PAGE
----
Reprinted with permission from Employee Benefit Plan Review - November 2015
The final regulations on the Affordable Care Act’s (ACA) “pay or play” rules were released on Feb. 10, 2014. Under the rules, there are potential penalties imposed on large employers that do not offer substantially all full-time employees coverage that qualifies as affordable and minimum value. In determining who is a full-time employee of an employer under the ACA rules, the IRS has indicated that it intends to use a fact-based “common law” definition of employee. Thus, an employer must be careful to analyze the facts and determine who is an employee for IRS purposes in order to be certain to make an appropriate offer of coverage and thereby avoid potential penalties. Where an employer uses a staffing agency to supply workers, making the determination as to who is a common law employee becomes potentially more complex. However, the final rules allow for some relief for an employer who might otherwise incur the “pay-or-play” penalties with respect to workers hired through staffing agencies that are reclassified by the IRS as common law employees of the client employer. The requirements for obtaining this relief are addressed below.
Under the “play-or-pay” rules of the ACA, an employer who fails to make an offer of coverage to 95 percent of its full-time employees in 2016 will be liable for a penalty if a single one of its employees obtains coverage on the exchange and receives a premium subsidy. The amount of the penalty for the year can be significant – $2,084 multiplied by the total number of full-time employees (after a reduction of up to 30 employees). An employer who offers coverage to the required percentage of employees may owe a penalty if the coverage offered is either not affordable or fails to provide sufficient value. The amount is $3,126 for each employee who obtains coverage from the exchange and receives a premium subsidy. Given these potential stakes, it has become even more important to determine who is an employee.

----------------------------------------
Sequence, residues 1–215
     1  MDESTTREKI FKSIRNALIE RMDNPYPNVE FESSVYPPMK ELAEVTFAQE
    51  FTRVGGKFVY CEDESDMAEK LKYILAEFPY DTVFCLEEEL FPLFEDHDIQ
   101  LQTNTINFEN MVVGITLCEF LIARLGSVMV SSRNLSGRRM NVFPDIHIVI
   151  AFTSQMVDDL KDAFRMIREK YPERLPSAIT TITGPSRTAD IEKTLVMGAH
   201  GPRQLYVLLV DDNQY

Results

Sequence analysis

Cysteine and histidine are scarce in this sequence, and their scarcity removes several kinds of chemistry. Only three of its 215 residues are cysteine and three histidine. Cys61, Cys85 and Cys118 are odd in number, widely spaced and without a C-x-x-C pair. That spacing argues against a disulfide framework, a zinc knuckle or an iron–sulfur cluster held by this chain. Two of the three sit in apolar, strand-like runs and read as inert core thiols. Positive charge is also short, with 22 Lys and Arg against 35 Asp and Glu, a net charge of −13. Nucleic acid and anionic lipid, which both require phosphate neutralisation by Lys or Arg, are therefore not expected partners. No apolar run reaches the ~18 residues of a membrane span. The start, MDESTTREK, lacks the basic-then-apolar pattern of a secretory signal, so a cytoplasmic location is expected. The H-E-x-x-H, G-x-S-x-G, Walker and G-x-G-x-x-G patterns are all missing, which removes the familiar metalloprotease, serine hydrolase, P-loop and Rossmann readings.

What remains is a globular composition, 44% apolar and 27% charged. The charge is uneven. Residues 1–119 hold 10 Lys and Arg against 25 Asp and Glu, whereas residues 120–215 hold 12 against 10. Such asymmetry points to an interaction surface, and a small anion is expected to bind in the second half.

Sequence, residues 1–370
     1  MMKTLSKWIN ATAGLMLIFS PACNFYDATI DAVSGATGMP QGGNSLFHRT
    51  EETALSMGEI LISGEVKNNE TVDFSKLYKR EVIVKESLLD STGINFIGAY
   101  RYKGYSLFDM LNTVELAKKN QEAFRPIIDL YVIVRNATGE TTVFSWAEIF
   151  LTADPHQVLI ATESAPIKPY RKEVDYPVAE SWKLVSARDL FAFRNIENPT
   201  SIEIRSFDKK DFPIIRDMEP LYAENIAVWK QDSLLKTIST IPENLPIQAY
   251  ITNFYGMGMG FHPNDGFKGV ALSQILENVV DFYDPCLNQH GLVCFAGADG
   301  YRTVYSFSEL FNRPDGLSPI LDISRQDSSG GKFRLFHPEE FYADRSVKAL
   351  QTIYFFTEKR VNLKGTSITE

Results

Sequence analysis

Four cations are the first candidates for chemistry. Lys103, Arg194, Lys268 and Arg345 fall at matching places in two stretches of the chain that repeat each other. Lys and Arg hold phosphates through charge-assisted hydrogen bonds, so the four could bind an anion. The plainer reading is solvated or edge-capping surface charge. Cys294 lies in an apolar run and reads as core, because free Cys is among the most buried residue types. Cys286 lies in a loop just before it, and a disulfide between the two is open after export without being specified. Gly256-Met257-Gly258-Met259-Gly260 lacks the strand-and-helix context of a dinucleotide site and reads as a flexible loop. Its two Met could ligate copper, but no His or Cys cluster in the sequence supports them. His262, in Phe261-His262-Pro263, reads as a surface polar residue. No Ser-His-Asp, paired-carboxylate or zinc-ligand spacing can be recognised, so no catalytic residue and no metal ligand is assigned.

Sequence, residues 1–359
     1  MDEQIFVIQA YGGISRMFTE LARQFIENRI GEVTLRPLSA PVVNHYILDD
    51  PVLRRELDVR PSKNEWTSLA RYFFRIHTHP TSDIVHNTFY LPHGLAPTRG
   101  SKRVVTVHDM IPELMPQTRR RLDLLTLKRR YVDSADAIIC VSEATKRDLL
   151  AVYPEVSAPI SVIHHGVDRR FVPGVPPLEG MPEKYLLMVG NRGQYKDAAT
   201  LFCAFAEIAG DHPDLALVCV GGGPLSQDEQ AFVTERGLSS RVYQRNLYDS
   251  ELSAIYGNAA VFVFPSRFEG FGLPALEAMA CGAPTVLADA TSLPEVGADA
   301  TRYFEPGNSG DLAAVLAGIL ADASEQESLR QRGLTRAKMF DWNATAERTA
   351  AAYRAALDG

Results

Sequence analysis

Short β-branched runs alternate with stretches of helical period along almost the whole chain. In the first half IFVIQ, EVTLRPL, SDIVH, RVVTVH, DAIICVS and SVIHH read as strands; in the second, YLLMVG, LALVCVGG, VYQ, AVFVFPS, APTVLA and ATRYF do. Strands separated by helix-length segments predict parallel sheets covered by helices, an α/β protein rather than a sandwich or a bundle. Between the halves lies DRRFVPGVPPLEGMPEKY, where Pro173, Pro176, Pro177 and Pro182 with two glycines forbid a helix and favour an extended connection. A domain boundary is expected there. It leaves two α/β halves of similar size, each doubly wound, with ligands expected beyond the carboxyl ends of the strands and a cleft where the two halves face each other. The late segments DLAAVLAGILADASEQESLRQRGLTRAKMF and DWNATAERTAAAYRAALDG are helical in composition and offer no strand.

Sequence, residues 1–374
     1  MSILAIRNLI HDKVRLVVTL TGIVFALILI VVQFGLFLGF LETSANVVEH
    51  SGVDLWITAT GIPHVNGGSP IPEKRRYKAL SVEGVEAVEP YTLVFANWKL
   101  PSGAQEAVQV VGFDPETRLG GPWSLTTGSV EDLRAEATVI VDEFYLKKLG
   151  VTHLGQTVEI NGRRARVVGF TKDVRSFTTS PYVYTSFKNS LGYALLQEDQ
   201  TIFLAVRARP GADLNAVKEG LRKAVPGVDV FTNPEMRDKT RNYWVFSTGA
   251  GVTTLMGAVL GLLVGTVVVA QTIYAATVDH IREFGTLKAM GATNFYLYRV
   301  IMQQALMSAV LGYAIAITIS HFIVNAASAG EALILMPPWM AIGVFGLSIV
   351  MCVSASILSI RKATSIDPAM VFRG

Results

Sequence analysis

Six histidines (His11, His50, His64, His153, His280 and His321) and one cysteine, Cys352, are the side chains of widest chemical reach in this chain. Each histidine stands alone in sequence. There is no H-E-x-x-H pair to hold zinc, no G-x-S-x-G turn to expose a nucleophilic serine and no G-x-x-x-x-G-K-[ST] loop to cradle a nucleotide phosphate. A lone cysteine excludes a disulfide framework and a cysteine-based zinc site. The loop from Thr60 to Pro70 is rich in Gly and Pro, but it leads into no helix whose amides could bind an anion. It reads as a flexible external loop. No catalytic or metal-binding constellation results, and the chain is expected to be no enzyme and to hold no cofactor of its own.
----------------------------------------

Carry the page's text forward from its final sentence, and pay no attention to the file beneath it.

For IRS purposes, an “employee” means a common law employee of the employer. Generally, a worker providing services to an employer is a common law employee if the employer has the authority to direct and control the manner in which services will be performed. The IRS states on its website:
Under common-law rules, anyone who performs services for you is your employee if you can control what will be done and how it will be done. This is so even when you give the employee freedom of action. What matters is that you have the right to control the details of how the services are performed.
The IRS sets forth three main categories of facts that it will consider to determine whether a person providing services is a common law employee or an independent contractor. These three categories are (i) behavioral control, (ii) financial control and (iii) facts about the relationship. No one factor is determinative, nor is there a set number of facts that will cause an automatic determination as to employee or contractor status. In light of this, a company should, when making a determination, look at the full relationship, the degree or extent of control and direction and should be certain to document the facts used to support it arriving at a conclusion.